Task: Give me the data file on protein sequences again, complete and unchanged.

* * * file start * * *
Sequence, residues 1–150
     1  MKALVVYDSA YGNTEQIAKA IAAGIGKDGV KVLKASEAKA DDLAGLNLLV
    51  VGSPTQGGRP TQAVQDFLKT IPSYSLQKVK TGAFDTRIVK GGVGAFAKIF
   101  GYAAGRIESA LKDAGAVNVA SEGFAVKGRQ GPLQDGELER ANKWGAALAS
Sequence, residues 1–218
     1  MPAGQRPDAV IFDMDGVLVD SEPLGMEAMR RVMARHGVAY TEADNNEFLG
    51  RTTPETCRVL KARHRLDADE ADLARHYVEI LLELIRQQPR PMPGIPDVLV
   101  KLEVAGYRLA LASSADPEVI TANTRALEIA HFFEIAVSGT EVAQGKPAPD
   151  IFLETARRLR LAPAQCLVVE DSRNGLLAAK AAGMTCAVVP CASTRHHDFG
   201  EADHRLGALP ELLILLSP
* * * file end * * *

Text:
Sequence, residues 1–150
     1  MKALVVYDSA YGNTEQIAKA IAAGIGKDGV KVLKASEAKA DDLAGLNLLV
    51  VGSPTQGGRP TQAVQDFLKT IPSYSLQKVK TGAFDTRIVK GGVGAFAKIF
   101  GYAAGRIESA LKDAGAVNVA SEGFAVKGRQ GPLQDGELER ANKWGAALAS
Sequence, residues 1–218
     1  MPAGQRPDAV IFDMDGVLVD SEPLGMEAMR RVMARHGVAY TEADNNEFLG
    51  RTTPETCRVL KARHRLDADE ADLARHYVEI LLELIRQQPR PMPGIPDVLV
   101  KLEVAGYRLA LASSADPEVI TANTRALEIA HFFEIAVSGT EVAQGKPAPD
   151  IFLETARRLR LAPAQCLVVE DSRNGLLAAK AAGMTCAVVP CASTRHHDFG
   201  EADHRLGALP ELLILLSP